While previously, card sizes above 1 GB were limited to the CF and CFII type cards commonly used in digital SLRs, today we’re seeing an influx of postage-stamp sized cards that store several times more than that. For instance, Sandisk has upped the ante with its latest 8 Gigabyte (yes you read that right) SD card. They call it SDHC or SD High Capacity. DPReview has some info:
HANNOVER, GERMANY, Mar. 16, 2007 – SanDisk® Corporation (NASDAQ:SNDK) today introduced an 8-gigabyte (GB)1 SD™ High Capacity (SDHC™) card—the highest capacity now available in the SD format. The new card, which SanDisk is showing in Hall 23, Stand B28, at the CeBIT show here, holds more than 4,000 high-resolution pictures, as many as 2,000 digital songs or up to 15 hours of MPEG 4 video2.The 8GB SDHC card will come bundled with a SanDisk MicroMate™ USB 2.0 reader at no extra charge. SDHC cards require an SDHC-compatible reader, so providing the MicroMate reader with the card ensures that users will be able to connect the card to their computers. The MicroMate reader also works with standard SD cards.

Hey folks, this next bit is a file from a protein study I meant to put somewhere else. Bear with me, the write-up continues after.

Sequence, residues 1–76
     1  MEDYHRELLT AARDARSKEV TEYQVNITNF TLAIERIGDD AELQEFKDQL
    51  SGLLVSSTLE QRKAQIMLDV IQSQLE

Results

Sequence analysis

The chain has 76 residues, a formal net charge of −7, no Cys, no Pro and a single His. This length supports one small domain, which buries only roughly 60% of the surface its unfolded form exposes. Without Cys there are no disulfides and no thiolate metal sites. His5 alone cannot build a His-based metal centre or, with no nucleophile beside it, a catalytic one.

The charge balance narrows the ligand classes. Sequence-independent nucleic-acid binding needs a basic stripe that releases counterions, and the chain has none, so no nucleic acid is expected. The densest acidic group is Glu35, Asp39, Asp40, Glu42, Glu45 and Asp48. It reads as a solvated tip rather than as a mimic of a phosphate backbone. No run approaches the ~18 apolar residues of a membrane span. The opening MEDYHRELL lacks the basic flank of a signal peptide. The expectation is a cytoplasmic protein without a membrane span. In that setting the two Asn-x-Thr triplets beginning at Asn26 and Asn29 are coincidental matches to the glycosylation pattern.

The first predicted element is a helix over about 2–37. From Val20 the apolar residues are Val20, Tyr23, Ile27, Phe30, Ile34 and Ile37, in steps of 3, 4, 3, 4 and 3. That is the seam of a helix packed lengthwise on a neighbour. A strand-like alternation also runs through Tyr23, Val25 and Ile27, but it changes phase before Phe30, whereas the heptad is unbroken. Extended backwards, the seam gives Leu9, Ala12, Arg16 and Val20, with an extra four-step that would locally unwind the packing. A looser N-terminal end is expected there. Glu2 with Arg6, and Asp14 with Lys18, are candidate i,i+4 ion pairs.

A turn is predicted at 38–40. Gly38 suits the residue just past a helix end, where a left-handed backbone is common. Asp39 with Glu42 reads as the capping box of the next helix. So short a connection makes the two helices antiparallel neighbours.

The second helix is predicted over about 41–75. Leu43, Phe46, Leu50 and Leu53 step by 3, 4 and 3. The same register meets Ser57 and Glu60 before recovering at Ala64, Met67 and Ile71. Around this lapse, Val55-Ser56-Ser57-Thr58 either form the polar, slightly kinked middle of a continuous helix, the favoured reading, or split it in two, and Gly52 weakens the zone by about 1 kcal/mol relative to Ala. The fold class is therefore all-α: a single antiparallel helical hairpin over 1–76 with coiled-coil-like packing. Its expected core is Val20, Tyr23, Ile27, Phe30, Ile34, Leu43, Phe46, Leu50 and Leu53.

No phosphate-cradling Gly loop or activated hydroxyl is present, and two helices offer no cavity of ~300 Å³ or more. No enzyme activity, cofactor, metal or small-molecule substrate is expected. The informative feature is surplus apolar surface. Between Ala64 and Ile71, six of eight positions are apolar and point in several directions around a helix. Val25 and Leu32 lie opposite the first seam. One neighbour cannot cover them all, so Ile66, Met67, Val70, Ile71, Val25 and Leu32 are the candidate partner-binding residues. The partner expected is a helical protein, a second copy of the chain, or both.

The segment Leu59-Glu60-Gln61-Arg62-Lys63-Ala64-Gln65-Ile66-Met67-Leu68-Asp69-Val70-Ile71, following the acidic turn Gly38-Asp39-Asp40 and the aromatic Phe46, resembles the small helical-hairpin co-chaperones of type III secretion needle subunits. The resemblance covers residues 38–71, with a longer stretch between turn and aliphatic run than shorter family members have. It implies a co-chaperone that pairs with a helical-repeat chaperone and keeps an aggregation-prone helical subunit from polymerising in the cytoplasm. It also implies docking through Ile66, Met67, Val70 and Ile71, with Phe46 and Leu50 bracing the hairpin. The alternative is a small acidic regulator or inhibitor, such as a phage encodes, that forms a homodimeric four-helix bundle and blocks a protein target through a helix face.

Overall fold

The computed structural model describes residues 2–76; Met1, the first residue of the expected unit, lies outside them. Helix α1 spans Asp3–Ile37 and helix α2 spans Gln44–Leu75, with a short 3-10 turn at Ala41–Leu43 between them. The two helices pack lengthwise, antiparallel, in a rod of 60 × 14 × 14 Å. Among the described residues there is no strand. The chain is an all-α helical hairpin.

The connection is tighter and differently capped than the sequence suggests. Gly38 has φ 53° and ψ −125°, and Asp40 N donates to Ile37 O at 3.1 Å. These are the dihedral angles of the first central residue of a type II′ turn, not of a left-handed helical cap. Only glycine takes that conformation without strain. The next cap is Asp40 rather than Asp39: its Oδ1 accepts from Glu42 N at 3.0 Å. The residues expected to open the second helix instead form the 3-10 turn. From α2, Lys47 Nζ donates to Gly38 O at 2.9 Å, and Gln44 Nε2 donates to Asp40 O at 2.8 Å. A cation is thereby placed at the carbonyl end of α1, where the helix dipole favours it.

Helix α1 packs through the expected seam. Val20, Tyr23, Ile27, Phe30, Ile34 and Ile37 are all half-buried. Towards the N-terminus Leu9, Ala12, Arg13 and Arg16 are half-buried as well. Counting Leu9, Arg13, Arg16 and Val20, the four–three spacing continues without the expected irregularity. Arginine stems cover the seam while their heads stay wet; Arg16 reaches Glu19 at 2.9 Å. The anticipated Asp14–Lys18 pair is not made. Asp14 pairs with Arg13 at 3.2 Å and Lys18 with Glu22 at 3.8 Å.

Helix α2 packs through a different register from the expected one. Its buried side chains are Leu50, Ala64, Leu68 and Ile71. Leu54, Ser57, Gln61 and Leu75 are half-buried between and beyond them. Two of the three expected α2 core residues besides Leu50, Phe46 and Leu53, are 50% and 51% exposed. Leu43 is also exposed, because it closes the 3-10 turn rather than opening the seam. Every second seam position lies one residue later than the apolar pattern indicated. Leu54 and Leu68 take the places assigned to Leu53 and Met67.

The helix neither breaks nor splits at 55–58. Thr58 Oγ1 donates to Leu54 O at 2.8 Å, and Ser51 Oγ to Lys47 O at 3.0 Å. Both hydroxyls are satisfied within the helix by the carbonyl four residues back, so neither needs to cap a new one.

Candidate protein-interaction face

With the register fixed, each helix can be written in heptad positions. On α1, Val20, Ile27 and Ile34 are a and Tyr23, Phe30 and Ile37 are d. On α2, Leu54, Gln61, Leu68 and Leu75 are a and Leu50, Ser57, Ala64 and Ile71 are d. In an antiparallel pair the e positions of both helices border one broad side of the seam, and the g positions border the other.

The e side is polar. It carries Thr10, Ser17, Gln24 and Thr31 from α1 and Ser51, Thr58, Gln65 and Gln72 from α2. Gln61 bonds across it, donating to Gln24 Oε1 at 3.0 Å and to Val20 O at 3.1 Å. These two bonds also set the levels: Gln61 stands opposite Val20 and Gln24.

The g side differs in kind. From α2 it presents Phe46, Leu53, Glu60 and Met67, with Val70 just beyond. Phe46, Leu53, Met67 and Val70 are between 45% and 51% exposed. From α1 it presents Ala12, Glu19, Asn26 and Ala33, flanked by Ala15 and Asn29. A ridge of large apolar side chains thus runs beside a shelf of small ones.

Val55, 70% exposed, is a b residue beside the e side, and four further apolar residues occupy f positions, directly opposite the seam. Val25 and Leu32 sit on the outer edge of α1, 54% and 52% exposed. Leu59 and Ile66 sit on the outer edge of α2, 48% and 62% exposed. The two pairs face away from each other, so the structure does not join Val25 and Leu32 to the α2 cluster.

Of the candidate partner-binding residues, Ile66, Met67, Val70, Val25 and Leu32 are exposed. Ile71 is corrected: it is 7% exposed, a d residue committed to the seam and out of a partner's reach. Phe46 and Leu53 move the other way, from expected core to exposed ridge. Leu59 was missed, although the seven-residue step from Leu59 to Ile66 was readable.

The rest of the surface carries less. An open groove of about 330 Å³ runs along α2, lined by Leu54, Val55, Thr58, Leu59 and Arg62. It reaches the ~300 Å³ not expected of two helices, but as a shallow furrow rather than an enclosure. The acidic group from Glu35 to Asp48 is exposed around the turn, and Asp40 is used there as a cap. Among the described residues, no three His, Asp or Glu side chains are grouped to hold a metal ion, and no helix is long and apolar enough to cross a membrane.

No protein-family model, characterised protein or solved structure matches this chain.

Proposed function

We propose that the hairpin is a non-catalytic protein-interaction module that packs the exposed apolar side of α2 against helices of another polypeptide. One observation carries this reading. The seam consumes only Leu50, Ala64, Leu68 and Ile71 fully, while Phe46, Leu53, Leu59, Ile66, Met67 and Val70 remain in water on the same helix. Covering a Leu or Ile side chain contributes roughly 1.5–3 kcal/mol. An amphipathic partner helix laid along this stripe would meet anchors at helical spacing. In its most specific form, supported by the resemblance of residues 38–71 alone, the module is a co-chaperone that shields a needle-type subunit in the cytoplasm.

Sandisk has doubled the capacity of its previous 4GB SDHC line, which was introduced less than a year ago.
However, this is just the tip of the iceberg. The SDHC standard supports up to 32 GB! The 8GB SDHC card also adheres to the SD Speed Class 2 rating, which guarantees a minimum data-transfer rate of 2MB/sec. One caveat, though: these SD cards are not backwards-compatible. This means you can’t just plug it into your old camera and expect it to work. SDHC cards will only work on SDHC-capable slots.
The 8 GB SDHC comes bundled with a USB 2.0 reader, so users won’t have to worry about slow file transfers. The bundle will be sold at an SRP of $189.